Southern Illinois University Carbondale Daily Egyptian Diversity News Archive (Southern Illinois University Carbondale)
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Item IDegyptian 1944 0519 vol 25 #27.tif
DescriptionToday, I received a letter from Pvt, Alvin L. Freeman, who has been in the army since Pearl Harbor.
Original Publication SourceDaily Egyptian
Date1944 May 19
Digital File Format.TIF (Tagged Image Format)
Digital File PublisherSpecial Collections Research Center, Morris Library, Southern Illinois University Carbondale
Rights StatementAll copyrights held by Southern Illinois University Carbondale. For permission to reproduce, distribute, or otherwise use this image, please contact the Special Collections Research Center, Morris Library, Southern Illinois University Carbondale. Phone: + 1 (618) 453-2516. Email:
CollectionDaily Egyptian Diversity News Archive (Southern Illinois University Carbondale)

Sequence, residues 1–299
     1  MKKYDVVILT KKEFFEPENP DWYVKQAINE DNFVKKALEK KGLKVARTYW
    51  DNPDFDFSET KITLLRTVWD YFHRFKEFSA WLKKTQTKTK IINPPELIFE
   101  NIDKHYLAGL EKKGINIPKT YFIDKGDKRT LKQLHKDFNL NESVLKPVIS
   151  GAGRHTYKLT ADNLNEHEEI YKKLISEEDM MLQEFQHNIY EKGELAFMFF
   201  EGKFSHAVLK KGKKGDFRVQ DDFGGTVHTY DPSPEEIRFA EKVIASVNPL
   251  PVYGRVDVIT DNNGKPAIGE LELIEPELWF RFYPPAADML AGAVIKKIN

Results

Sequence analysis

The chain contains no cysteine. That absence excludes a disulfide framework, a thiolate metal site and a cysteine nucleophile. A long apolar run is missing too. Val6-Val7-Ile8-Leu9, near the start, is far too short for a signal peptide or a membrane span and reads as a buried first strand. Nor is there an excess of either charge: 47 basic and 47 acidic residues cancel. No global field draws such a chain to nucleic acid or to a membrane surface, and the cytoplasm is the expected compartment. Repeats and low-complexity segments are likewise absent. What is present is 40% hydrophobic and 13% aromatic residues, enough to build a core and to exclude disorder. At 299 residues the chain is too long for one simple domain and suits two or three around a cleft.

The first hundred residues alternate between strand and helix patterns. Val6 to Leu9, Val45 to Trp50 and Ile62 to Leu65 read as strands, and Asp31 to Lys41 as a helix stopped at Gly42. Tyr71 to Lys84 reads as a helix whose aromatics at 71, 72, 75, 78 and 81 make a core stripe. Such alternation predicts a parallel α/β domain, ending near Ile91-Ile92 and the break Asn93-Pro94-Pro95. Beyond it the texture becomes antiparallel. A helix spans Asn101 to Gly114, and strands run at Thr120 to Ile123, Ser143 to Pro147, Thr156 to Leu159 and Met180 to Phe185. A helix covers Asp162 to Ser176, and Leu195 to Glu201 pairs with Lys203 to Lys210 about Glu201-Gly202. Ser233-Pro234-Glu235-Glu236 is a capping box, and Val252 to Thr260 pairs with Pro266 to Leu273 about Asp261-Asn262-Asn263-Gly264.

Today, I received a letter from Pvt, Alvin L. Freeman, who has been in the army since Pearl Harbor. I could tell you what he said In the letter, but I think you
will enjey rending the ‘‘real McCoy", so here is the letter: Somewhere in North Africa.
Dear Dot:
Well, kid, did you thin finally get through with that test you were telling me about? How did you come out?
How are you? Your met her? and all my pals getting along there in the States? I'm doing fine now, in fact, the doctor told his that I would be able to get
back with the boys in a couple of weeks. All the guys here are improving and itching to get back to work.
You know, Dot, the other day after we had had our baths and dinner, one of the fellows, a British soldier, started talking about his home. I told you, didn't I, that here in this hospital there
art' fellows from England. Russia and the good ole U.S.A. ? If I didn't. I meant to do so. Well,
as I started to say, this fellow started talking about his home and how he would he glad to get
back to it again. This subject always attracts attention and it is one subject that all of us join in. Quite a number of us have been in two or three different countries and quite often we compare the
different ways of living with the way we lived before the war started. We also talk of the countries we hope to return to and the ways of living We hope to find. There is another fellow (white) here front U.S. and you could have knocked me out of my bed with a thermometer when he spoke my thought and ideas